There is a plethora of information in the Illinois State School Report Cards that were released Thursday, and if you're concerned about education and our schools, we encourage you to spend some time examining it.
To help you do so, we've created a new digital tool that should make your review faster, easier and more insightful. The Daily Herald School Checker can be found at http://reportcards.dailyherald.com, and we invite you to use it as a first step in assessing your schools and others.
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The reports provide a treasure chest of information on standardized test scores, class sizes, student demographics and school finances, but it's not just a glimpse at the most recent numbers.
As importantly, it also helps you gauge the progress -- or lack of it -- that our schools are making.
Unfortunately, information about teacher and administrator salaries -- as well as faculty and administrator demographics -- hasn't been released yet and probably won't be ready until at least January.
We are not by nature conspiracy theorists. But you don't have to be JFK assassination investigator Jim Garrison to wryly note the coincidence that at the same time legislators are meeting to try to reach some sort of accord on the emotionally charged public pension reform issue, the state School Report Cards omitted the salary information that traditionally had been part of the data.
Pensions and salaries are not the same things, of course, but there are connections, both real and psychological.
Certainly, any cynical heart might wonder whether those who would want to slow or water down pension reform efforts would prefer that salary levels not be front and center at the same time those efforts are being resolved.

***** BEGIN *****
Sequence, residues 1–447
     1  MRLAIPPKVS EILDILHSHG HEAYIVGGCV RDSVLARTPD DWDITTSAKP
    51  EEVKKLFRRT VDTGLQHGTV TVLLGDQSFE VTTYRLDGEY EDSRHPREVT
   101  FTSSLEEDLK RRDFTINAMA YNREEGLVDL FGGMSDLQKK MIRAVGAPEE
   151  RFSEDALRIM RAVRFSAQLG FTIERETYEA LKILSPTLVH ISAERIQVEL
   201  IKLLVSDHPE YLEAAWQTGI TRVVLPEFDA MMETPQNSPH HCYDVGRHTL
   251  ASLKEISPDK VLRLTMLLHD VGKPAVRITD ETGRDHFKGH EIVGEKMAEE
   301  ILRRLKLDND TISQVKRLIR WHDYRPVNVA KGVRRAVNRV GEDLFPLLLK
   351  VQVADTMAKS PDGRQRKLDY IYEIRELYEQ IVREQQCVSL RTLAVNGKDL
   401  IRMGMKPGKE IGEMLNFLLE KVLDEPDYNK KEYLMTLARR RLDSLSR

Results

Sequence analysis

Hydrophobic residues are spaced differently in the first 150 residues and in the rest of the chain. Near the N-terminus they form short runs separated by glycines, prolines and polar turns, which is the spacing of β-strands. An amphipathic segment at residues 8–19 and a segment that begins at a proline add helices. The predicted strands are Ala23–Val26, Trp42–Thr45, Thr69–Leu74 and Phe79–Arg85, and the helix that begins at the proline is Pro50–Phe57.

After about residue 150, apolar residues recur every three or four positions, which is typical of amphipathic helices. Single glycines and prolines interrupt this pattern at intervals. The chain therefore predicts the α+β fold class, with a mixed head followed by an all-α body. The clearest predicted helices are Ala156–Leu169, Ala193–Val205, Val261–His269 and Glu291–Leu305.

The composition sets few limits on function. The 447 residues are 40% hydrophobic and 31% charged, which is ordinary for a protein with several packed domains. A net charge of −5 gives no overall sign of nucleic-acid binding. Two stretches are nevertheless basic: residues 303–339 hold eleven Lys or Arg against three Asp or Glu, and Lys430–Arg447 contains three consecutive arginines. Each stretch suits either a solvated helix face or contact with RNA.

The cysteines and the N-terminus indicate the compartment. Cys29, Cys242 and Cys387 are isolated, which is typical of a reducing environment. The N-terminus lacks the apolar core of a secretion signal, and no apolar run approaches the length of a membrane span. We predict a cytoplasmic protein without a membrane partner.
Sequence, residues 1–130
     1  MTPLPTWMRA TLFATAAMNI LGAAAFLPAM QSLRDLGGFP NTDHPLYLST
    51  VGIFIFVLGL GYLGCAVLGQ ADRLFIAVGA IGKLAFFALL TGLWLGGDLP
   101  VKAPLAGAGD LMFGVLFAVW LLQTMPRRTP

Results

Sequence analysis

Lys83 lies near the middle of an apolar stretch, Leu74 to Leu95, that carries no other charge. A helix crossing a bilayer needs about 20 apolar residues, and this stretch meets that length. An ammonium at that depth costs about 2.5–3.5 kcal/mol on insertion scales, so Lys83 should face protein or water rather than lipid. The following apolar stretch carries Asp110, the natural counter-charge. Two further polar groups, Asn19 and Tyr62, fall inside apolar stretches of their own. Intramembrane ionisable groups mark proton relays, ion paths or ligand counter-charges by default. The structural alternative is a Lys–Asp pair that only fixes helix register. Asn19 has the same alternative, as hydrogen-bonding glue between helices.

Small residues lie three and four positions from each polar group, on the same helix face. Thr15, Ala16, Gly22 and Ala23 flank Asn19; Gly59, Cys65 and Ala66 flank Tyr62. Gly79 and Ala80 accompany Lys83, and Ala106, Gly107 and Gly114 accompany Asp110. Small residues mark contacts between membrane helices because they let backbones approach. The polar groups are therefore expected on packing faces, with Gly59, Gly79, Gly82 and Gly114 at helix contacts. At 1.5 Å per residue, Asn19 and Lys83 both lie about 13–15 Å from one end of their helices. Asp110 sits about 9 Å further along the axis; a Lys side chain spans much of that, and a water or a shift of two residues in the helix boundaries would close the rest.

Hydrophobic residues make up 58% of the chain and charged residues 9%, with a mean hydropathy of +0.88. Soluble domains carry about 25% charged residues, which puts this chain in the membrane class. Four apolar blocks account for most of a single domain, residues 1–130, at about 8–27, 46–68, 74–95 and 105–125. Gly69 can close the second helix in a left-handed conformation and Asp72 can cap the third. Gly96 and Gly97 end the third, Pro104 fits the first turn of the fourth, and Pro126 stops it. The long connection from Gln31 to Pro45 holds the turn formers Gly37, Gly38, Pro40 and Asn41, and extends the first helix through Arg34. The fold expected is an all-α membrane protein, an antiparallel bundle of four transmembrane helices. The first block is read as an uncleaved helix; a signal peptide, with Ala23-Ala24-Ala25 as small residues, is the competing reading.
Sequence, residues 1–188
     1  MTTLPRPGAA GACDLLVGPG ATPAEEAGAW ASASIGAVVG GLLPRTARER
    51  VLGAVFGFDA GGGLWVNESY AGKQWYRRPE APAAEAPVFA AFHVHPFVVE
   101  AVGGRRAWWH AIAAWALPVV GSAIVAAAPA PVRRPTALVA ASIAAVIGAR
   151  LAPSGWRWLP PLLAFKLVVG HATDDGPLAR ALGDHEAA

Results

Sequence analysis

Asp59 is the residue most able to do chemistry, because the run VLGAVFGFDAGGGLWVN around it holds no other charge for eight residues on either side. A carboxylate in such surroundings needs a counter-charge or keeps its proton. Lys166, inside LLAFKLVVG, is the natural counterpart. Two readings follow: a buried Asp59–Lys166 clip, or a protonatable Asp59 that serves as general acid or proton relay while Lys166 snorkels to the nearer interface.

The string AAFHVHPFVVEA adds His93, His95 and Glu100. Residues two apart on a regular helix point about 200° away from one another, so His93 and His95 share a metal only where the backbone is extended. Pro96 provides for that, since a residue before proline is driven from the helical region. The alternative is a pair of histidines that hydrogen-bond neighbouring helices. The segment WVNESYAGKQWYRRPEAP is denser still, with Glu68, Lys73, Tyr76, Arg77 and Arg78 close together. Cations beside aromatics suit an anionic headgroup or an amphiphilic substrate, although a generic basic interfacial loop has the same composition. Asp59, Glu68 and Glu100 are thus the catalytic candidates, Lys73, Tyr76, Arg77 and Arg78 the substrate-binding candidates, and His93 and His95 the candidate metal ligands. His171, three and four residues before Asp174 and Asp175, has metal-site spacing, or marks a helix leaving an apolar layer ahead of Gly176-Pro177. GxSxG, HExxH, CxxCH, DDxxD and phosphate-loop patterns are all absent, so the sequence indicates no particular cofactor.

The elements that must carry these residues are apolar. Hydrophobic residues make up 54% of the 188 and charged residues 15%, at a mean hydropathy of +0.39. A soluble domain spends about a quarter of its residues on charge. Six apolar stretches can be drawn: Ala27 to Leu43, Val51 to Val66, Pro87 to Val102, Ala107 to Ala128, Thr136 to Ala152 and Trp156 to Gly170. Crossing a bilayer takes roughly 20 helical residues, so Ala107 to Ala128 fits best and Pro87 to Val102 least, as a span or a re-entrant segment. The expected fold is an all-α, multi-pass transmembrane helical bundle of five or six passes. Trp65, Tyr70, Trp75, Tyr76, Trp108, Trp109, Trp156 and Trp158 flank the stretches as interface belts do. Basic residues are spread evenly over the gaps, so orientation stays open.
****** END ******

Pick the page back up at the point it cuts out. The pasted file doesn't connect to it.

Mary Fergus, spokeswoman for the Illinois State Board of Education, says that's not so. She says the information has been delayed because a new system was implemented this year for gathering data and that the amount of information collected contributed to the delays.
"We're undertaking a lot of different things at once for this report card," Fergus told Daily Herald Political Editor Mike Riopell.
Indeed, the report card this year includes new information on college preparedness, which is an important addition.
And it's important to put this into perspective. After all, the shortfall in School Report Card information isn't nearly the debacle that the federal government's less-than-successful introduction of a health care website has been.
At the same time, the School Report Cards are not a recent phenomenon. They are released every year. We assume a lot of planning goes into them.
And as any educator knows, consequences push performance and expectations become reality.
If we require the state to turn its homework in on time, it will. If we make allowances, it won't.
It is fair for all of us to ask, where is the data on teacher and administrator salaries?